We are talking about years of austerity, of the pay that we’ve lost, the pay cuts that we’ve had to deal with, the chronic understaffing, what we went through in the pandemic. You now have five more days to really discuss it – really try and negotiate – otherwise it’s a strike and that is it.
Narration: Nurses voted overwhelmingly to strike and with over 500,000 of them across the country, they have the power to bring the health service to a standstill.
What do we want? Fair pay!
When do we want it? Now!
Overworked and underpaid!
Clapping doesn’t pay the bills!
Narration: ‘Clapping doesn’t pay the bills’ is a reference to the politicians that took part in a weekly ‘clap for the NHS’ during lockdown but didn’t back up their support for NHS workers with a pay increase.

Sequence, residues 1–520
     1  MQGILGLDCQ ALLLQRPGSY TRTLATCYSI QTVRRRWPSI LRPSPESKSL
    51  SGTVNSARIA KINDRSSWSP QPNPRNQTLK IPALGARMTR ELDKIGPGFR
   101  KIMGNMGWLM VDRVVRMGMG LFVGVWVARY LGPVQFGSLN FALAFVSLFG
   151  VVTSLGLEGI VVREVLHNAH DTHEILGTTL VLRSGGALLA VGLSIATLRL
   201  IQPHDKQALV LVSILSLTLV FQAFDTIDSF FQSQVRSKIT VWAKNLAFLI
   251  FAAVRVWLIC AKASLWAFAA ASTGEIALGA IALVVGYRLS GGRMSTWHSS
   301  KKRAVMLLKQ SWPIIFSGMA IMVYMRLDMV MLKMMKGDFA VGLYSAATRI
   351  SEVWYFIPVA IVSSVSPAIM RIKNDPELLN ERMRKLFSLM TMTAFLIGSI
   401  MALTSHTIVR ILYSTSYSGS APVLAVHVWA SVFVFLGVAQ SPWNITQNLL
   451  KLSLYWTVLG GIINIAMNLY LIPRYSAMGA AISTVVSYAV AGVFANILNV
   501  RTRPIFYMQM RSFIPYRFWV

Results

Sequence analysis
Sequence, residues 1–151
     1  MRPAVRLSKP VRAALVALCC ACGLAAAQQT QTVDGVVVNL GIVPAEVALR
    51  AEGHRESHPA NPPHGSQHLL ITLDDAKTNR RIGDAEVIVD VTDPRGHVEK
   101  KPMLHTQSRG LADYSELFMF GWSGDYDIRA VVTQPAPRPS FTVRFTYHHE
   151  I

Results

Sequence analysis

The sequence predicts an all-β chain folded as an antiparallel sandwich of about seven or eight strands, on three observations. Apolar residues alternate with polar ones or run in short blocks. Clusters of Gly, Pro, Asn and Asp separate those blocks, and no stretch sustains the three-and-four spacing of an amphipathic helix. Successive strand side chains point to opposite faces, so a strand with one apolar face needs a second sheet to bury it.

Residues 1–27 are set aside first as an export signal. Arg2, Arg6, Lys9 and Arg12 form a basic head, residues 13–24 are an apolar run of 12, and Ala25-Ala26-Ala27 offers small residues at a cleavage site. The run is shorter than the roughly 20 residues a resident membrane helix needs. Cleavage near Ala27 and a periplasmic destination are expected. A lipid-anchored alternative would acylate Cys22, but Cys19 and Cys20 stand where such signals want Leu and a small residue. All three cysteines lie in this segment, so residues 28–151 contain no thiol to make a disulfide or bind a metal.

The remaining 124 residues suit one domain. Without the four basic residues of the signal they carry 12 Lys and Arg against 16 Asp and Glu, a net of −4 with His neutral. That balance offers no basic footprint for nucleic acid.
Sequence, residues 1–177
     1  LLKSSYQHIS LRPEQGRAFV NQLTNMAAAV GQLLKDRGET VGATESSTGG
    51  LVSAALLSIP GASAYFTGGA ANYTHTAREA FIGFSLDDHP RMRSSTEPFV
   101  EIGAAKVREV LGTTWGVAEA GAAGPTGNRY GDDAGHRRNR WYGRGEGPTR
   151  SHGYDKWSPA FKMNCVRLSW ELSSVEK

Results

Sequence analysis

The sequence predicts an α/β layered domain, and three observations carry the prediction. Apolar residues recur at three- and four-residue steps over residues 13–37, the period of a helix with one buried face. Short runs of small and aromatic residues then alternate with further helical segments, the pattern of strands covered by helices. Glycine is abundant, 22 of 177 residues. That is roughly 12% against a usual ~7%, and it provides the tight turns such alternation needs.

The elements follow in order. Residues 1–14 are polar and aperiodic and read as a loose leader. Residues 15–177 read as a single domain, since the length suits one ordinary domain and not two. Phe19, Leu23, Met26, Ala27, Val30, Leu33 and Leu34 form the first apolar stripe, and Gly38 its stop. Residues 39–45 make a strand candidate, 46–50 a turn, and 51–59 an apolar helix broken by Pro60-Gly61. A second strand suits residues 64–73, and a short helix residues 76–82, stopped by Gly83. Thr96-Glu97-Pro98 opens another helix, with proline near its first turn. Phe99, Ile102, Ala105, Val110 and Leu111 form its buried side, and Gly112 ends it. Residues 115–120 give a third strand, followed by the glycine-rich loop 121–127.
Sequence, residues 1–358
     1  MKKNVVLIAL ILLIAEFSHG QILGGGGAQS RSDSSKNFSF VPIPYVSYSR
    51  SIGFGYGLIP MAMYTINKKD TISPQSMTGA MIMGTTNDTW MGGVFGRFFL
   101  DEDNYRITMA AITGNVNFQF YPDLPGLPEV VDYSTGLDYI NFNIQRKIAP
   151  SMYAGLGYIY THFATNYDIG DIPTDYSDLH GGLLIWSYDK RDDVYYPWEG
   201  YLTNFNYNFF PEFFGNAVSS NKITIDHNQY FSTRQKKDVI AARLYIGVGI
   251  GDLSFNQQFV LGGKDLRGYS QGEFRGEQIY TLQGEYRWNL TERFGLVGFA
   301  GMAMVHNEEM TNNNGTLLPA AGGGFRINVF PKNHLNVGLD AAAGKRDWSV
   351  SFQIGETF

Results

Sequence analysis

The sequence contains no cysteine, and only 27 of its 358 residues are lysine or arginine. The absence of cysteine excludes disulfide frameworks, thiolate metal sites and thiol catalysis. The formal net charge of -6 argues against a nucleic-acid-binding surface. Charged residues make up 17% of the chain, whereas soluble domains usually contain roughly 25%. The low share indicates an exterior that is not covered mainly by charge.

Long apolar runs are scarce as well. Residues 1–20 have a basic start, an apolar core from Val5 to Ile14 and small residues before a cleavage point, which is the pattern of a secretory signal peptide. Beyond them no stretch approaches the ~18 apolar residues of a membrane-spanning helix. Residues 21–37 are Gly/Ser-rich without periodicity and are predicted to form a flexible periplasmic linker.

But beyond the excitement, and feelings of togetherness and solidarity, there was anger and also disbelief that they were forced to be out here, and not inside with their patients.
Say hey, ho, Rishi Sunak’s got to go!
Pat Cullen, RCN general secretary: Today is about saying ‘enough is enough’. This government now needs to sit up, take stock, and listen to us.
They need to do that by paying the nurses a decent wage. They are not being greedy, they are asking for the 20% that has been taken out of their pay over the last decade to be put back in, and to make sure that they can continue to care for their patients.